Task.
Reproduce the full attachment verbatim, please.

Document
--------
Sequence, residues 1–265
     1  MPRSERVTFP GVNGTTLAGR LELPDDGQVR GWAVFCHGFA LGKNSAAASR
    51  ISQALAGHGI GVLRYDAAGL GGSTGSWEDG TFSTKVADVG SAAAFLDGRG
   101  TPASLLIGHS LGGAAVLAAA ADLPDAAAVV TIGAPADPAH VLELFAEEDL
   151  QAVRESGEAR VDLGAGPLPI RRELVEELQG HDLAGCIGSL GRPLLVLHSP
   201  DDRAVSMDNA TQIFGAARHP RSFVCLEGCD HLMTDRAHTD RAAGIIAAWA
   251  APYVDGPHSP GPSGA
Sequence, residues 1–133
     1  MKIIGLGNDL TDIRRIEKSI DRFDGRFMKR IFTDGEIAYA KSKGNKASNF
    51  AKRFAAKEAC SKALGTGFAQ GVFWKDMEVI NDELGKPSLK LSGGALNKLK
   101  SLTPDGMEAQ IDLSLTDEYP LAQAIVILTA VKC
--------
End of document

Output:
Sequence, residues 1–265
     1  MPRSERVTFP GVNGTTLAGR LELPDDGQVR GWAVFCHGFA LGKNSAAASR
    51  ISQALAGHGI GVLRYDAAGL GGSTGSWEDG TFSTKVADVG SAAAFLDGRG
   101  TPASLLIGHS LGGAAVLAAA ADLPDAAAVV TIGAPADPAH VLELFAEEDL
   151  QAVRESGEAR VDLGAGPLPI RRELVEELQG HDLAGCIGSL GRPLLVLHSP
   201  DDRAVSMDNA TQIFGAARHP RSFVCLEGCD HLMTDRAHTD RAAGIIAAWA
   251  APYVDGPHSP GPSGA
Sequence, residues 1–133
     1  MKIIGLGNDL TDIRRIEKSI DRFDGRFMKR IFTDGEIAYA KSKGNKASNF
    51  AKRFAAKEAC SKALGTGFAQ GVFWKDMEVI NDELGKPSLK LSGGALNKLK
   101  SLTPDGMEAQ IDLSLTDEYP LAQAIVILTA VKC